Nateglinide is available as a generic drug. Generic drugs usually cost less. In some cases they may not be available in every strength or form as the brand. Talk to your healthcare provider to see if the generic will work for you.

This drug may be used as part of a combination therapy. That means you need to take it with other drugs.

Why it's used

Nateglinide is used to control blood sugar levels caused by type 2 diabetes. It’s used along with diet and exercise and sometimes other diabetes drugs.

How it works

Nateglinide belongs to a class of drugs called meglitinides. A class of drugs refers to medications that work similarly.

More Details

How it works

Nateglinide belongs to a class of drugs called meglitinides. A class of drugs refers to medications that work similarly. They have a similar chemical structure and are often used to treat similar conditions.

Nateglinide works by increasing the amount of insulin (a hormone in your body) released from your pancreas. Insulin is responsible for moving sugar (glucose) from your bloodstream to the cells, where it belongs. This lowers your blood sugar levels.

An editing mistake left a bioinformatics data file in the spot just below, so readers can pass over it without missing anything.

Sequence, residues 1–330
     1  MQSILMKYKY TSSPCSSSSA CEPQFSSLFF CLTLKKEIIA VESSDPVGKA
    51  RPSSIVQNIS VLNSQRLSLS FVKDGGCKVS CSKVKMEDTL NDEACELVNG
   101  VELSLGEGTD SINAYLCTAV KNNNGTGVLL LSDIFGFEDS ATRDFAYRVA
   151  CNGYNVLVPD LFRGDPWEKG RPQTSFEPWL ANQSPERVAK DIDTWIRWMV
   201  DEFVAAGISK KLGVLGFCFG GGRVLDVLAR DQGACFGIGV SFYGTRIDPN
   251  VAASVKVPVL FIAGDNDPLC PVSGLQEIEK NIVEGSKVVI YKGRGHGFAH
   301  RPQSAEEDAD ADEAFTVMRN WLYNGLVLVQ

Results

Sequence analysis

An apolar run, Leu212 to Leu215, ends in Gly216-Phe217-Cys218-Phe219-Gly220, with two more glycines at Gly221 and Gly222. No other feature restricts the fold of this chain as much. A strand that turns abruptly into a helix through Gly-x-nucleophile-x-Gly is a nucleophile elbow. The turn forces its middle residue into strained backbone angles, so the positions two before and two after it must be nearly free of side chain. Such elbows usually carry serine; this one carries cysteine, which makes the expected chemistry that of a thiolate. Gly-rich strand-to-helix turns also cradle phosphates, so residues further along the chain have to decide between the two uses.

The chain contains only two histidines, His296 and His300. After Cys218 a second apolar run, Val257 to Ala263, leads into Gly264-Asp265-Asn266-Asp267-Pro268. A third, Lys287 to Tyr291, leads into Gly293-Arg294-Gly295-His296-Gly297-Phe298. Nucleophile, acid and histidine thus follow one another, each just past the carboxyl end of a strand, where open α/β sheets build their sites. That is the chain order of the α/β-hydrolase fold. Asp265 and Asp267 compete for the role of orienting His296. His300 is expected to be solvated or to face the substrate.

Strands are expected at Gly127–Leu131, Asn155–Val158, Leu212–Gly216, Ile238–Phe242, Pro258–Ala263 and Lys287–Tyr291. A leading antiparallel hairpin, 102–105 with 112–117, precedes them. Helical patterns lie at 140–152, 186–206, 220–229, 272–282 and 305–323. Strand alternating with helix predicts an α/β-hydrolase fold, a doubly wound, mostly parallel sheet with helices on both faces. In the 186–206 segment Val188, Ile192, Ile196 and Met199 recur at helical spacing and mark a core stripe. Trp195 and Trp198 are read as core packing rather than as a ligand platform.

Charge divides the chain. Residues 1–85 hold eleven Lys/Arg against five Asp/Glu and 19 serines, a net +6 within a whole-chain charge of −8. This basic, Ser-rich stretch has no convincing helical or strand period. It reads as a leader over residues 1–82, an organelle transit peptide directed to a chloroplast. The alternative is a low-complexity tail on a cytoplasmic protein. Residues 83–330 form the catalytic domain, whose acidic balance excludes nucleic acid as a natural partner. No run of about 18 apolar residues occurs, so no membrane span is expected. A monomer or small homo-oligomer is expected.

SECTION 2 of 5

nateglinide Side Effects

Oral tablet

Most Common Side Effects

The most common side effects that occur with nateglinide include:

  • cold-like symptoms (upper respiratory tract infection), such as:

    • nasal congestion
    • sore throat
  • low blood sugar (hypoglycemia). Symptoms include:

    • sweating
    • shaking
    • dizziness
    • nausea
    • tiredness
    • fast heart rate
    • hunger

Serious Side Effects

If you experience any serious side effects, call your doctor right away. If your symptoms are potentially life threatening, or if you think you’re experiencing a medical emergency, call 9-1-1.

  • Cold-like symptoms or upper respiratory tract infection. Symptoms include:

    • fever and chills
    • trouble breathing
  • Low blood sugar (hypoglycemia). Symptoms include:

    • shakiness
    • nervousness or anxiety
    • sweating, chills, and clamminess
    • irritability or impatience